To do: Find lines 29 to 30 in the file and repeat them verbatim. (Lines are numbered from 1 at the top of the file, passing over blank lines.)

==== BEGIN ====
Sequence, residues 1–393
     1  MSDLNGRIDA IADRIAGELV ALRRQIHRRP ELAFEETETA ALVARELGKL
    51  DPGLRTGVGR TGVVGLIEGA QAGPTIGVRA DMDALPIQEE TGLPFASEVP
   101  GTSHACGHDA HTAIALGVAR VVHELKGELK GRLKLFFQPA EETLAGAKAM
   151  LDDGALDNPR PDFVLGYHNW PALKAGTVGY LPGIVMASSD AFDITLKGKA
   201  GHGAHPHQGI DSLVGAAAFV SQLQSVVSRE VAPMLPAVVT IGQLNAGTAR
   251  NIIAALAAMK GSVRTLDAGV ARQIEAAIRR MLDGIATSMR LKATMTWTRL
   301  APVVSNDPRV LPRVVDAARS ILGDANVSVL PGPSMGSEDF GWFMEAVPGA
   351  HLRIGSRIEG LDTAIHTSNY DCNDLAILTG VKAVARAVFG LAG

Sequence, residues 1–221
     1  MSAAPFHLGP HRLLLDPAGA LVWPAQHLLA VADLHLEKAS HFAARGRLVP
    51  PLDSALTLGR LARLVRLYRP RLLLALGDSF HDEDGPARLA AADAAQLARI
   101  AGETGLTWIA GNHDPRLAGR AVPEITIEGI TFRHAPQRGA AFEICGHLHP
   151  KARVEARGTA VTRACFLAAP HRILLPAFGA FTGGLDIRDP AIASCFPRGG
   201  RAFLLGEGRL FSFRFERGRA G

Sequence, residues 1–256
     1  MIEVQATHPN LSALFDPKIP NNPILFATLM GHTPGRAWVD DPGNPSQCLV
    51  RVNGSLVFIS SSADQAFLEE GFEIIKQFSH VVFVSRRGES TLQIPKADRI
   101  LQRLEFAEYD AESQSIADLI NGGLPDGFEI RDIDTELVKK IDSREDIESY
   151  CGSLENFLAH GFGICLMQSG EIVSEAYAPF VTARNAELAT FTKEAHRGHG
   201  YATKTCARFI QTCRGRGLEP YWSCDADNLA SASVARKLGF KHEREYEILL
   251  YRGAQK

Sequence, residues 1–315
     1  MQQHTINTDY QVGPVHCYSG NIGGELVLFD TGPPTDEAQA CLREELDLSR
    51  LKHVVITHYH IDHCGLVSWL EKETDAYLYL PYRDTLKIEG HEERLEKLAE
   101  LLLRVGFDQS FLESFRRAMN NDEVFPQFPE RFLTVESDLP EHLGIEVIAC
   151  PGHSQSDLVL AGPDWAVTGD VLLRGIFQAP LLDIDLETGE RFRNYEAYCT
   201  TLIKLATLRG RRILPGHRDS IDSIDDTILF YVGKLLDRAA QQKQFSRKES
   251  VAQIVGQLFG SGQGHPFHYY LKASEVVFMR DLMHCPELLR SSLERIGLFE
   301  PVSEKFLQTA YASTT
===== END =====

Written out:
   251  VAQIVGQLFG SGQGHPFHYY LKASEVVFMR DLMHCPELLR SSLERIGLFE
   301  PVSEKFLQTA YASTT